laying on of hands

Rare is the woman who does not love a good massage. Men, take note of this for birthdays/Christmas/Mother’s Day. It is – generally speaking – a fool-proof gift. I don’t know a single woman who does not love a little time at the spa now and then, and the stereotype rings true that we don’t often indulge ourselves when we’re so focused on caring for others.

So I decided to treat myself for a massage for Mother’s Day. (Actually, my brother treated me since he got me the gift certificate for Christmas. Wise man.) It was a beautiful sunny Saturday morning, U2 was blaring on the radio as I drove with the windows down, life was sweet and good.

But upon arrival to the spa, the relaxing massage I was expecting turned into an intense hour of body work therapy as the massage therapist kneaded out so many knots in my back and shoulders that I felt I should tip her for a whole day’s work. I had no idea how tense and stressed I had been lately until she started working on my muscles. And I left feeling like I’d been to a week’s worth of power yoga at the gym. Sore, tired, but happy.

As the therapist pushed and kneaded my back, I found myself thinking about the Christian practice of laying on hands. We read in the Gospels about Jesus laying hands on people who were sick or disabled. We hear of the disciples following his example in the Acts of the Apostles – laying hands on those who suffering from mental illness (“demons”) or physical ailments. The laying on of hands was also a form of blessing often accompanied by anointing: a commissioning of those who were sent out to preach the Gospel, or a confirmation of those who had received the Holy Spirit.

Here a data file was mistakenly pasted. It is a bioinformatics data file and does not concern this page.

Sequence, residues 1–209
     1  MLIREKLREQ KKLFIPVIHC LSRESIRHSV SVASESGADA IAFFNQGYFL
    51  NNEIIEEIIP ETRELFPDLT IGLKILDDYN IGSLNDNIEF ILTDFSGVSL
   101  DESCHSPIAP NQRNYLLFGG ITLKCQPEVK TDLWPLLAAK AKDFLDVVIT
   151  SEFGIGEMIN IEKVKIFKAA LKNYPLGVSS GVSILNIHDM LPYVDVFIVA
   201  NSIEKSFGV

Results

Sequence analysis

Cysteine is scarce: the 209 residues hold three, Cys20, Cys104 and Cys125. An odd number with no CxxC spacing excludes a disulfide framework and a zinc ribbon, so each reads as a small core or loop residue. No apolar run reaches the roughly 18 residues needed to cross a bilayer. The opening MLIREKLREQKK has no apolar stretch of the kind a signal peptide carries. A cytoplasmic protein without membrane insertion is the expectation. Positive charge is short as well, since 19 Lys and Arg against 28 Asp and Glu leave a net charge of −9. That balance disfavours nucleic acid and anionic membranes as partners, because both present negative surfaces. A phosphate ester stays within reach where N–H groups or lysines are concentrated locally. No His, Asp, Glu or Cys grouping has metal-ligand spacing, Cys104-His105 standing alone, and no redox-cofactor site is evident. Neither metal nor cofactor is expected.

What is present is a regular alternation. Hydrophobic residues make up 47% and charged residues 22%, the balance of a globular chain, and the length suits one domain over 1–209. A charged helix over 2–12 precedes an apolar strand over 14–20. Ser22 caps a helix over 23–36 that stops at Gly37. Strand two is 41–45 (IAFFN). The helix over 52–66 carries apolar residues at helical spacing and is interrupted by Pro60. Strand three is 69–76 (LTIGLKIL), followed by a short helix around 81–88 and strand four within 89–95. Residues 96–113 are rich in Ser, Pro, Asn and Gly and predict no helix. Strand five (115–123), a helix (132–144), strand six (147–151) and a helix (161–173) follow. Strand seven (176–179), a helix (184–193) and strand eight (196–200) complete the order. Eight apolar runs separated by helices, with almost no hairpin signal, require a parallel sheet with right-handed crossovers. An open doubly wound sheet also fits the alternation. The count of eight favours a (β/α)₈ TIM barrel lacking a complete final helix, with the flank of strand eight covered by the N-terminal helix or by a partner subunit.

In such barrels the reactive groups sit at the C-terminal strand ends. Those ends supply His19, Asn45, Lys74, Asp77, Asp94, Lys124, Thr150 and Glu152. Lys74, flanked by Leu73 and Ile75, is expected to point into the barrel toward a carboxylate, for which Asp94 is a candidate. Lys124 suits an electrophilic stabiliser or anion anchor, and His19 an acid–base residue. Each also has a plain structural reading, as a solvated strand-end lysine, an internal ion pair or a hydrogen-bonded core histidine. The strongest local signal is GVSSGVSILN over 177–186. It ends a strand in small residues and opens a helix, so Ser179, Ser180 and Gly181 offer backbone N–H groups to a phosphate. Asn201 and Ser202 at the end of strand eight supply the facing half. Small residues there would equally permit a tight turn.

The early Christians understood the power of laying hands on another person. It is an intimate gesture, yet filled with energy and healing power as well. It communicates support, blessing, healing, consecrating. Laying hands is sacramental; that is why today’s churches use this symbolic action in baptism, confirmation, ordination, reconciliation, and the anointing of the sick.

But often the liturgical enactment of the laying on of hands can be weak. The priest’s hands lightly flutter over the confirmand’s head. Or the congregation merely extends their hands over the sick to be anointed, a mere shadow of the real action.

Human touch – real, warm, strong – is healing and empowering. I thought of the studies that show how premature infants fail to thrive without the touch of human skin. I thought of the miracle stories the church has passed down about saints healing with the touch of their hands. And I thought of the almost-painful but oh-so-necessary transformation that the massage therapist was working on my own body as she squeezed out the stress stored in my shoulders.

What if the early Christians understood this in a way that our reserved Western ways have lost over the years? What if the laying on of hands was not a symbolic pat but a deep kneading of skin on skin, more like today’s massage therapy than our celebration of the sacraments?

Allowing ourselves to be touched in such a deep way would be a powerful spiritual experience. The vulnerability and trust required to lay naked while another person touches us is nothing less than the openness we must lay bare before God to receive the fullness of grace. The realization of our own woundedness, and the desire to work through this pain to healing, is the same as our acceptance of our own sinfulness and our longing for forgiveness.

The grace we can experience through another person’s touch is primal and necessary. Mothers and father know this. Doctors and nurses know this. Priests and ministers know this.

But what if Jesus’ healing touch was a deep, kneading massage rather than a quick pat of the hands?

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